NS: In 1998, Davia was on a National Endowment for the Arts panel, and people were gearing up for the millennium with all these projects. She later came back and said -- maybe we should do a project about 100 years of recorded sound. We always used archival sound in our stories -- early news broadcasts, old home recordings made on 78 records. People were making home made records and sending them back and forth overseas during World War II. In one, a woman made a home recording in her kitchen and sent it to her husband overseas. It was so revealing --  it captured the language, the feel, the pathos, the pause, the heart, and the emotion of things. It wasn’t a written thing. It wasn’t a letter. It was the sound of the voice and it had so much impact.

We wrote a grant and suddenly NPR wanted to do it, ten stories at the turn of the century. Then NPR decided they wanted to do it weekly! We ended up doing a big national collaboration with producers around the country and it was a moment of going from analog to digital. It was a frightening moment where we had to teach ourselves new technology. At that same time, I had had breast cancer, was going through chemotherapy, and had two kids at home. It was a life-changing moment. We went for it and that began Lost and Found Sound, which led to the Sonic Memorial Project for 9/11. We went on to the Hidden Kitchens project, which was about bringing together communities through food, then Hidden World of Girls, The Making of, our podcast Fugitive Waves, and it goes on.

RB: How did you decide to live on a commune? What’s that community like?

NS: Charles, my husband, was the head of the museum where I worked [laughs]. He hired me and we were really great friends. I went away for a fellowship to NY and was gone for a year. When I came back, he was separating from his wife at the time, and then we fell in love and got involved. I met Davia around that time -- it was time of real change. We were all living together at some point, and Davia and her boyfriend were looking at properties with some of their friends. At that time, nobody could afford to buy property on their own, so we looked at what we could do together.

The thing that has kept it all together all these years is that we eat together every night. Every night one person cooks. Tonight, I’ll go shop for my stuff and cook, Charles will help me. We’ll do all the dishes and clean up. Everyone has Friday nights off.

We sit down at the dinner table, and we may fight, but then we have to come back to the table together the next night because we don’t have kitchens in the individual little houses. We all have to eat, so we are forced into the big house and forced to deal with it.

We get people from all over who want to come and see this place and get ideas for doing it on their own. They want the blueprints, but it has to evolve. And that means time and energy spent and experimentation on the part of the individuals. You can take hints and ideas from this place, but so much of it is investing with each other like in any relationship. That’s what’s going to make it work.

RB: What do you think is better, cooking together or eating together?

NS: We do a lot of cooking because there are so many of us. We have huge Thanksgivings and Christmases. Every weekend someone has some friends over, and during those times people pitch in and help cook. The way the kitchen is designed, is that it is in the center of the main house so even if you’re just visiting, you’re there in the kitchen, you’re there when everyone is cooking.

Cooking together is great, but that is pretty tough to do every night of the week. Knowing there is a meal there every night has allowed me so much latitude in my life and career and knowing that for my kids, there is another mom here.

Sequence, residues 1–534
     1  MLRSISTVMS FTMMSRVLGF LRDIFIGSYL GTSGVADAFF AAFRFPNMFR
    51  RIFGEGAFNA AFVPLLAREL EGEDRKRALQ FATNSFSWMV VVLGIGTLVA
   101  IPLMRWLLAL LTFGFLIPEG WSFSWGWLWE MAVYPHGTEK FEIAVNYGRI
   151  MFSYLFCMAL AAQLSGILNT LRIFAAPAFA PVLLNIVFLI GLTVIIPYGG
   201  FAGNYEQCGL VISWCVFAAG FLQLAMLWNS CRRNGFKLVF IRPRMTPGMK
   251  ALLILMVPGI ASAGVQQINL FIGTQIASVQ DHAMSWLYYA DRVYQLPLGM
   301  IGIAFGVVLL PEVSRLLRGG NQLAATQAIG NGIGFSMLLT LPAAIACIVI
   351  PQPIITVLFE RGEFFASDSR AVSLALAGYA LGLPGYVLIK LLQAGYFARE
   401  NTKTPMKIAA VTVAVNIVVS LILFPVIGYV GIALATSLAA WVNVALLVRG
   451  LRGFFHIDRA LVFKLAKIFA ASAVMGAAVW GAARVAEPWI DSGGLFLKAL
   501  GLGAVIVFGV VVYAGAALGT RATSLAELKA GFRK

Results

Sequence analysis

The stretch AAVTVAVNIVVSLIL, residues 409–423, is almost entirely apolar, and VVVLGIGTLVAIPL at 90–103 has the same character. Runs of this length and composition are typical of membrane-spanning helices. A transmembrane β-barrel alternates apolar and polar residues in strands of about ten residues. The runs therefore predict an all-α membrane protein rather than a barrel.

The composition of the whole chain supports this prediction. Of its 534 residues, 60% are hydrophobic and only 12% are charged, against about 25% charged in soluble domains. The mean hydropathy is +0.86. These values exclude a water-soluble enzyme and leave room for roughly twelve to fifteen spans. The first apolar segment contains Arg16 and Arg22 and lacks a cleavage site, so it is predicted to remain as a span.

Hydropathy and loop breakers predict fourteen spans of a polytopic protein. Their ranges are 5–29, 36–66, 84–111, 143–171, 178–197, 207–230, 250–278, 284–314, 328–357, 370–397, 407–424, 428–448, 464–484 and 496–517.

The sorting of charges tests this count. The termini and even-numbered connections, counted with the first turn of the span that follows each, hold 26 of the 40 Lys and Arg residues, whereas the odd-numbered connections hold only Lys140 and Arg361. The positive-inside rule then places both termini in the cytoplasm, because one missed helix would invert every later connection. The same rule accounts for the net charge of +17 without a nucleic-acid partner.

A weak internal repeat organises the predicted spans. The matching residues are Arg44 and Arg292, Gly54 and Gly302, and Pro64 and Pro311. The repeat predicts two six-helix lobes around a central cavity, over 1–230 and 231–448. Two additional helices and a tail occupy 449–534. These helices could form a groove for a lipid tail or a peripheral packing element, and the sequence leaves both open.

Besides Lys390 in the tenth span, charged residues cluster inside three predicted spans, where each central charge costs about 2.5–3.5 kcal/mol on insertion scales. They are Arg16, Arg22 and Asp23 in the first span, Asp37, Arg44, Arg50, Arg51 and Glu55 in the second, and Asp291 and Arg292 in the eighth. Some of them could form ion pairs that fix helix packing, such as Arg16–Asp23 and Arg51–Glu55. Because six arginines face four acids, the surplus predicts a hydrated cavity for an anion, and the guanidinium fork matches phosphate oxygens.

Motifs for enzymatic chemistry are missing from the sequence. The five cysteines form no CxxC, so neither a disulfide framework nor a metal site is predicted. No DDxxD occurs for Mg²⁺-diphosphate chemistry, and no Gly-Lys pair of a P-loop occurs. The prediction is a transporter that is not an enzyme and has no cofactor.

Cooking and eating together are kind of the same thing because even if it is not your night to cook, you can just come in and sit down around 7 o’clock. There’s no cleanup - you can do whatever you want. We’re all incredibly dependent on each other.

RB: What are you excited about right now?

NS: This is a fascinating time, what is going on with technology and radio. The whole podcasting world is very interesting. It’s a lot like when we started. The readiness to experiment, the ability to push the boundaries of subject matter and time, as well as how we are supporting ourselves because we’ve been so dependent on grants.

Ten years ago, when we were teaching at the Graduate School of Journalism at UC Berkeley, I didn’t know what to say to all these excited young people about the prospects and the potential of being involved in audio or documentary storytellings. Now I feel like it is such a game-changing moment with all that’s happening. All the tools are so accessible and the platforms for storytelling are exploding.

There was a big shift when it went from analog to digital, but that was just a real technological shift. This is a social shift - it is a huge communications shift in the biggest possible way, trying to use the new technologies to expand storytelling.

When we started with NPR it was 22 minutes - that was our time on. All Things Considered. Now, we are fighting for six and a half minutes when you take into account intros. Getting our stories down to six and a half minutes is often so limiting, but with a podcast, we can bust them out! Do other things, talk our way through, and mess around. We can go off on a tangent, which we used to do on our live shows, two hours a week, we would play music and interview people. It was very free-form. I like that, I like that potential. I like staying on as many platforms as possible and pushing things out in different ways. That’s really exciting.

RB: What’s next for you?

NS: We are doing more live performances, and that to me is scary but good - it keeps me on edge! That’s been fun, keeping us involved in new communities of younger people. I like teaching -- I assume we will be doing more of that. There’s lots going on, and the family and commune keep me busy. We are working on another book. I like writing but I hardly have any time for that.

And I’m interested in community radio -- helping to redefine its potential for our communities in the 21st century. There is a real place for community radio, it just needs to be re-imagined like libraries are currently being re-imagined. We need to figure out what the role of community radio is, because everyone is going to be able to access everything online. The need for a radio station in the old sense is just changing, and I want to help redefine that.



InterviewsRimma Boshernitsan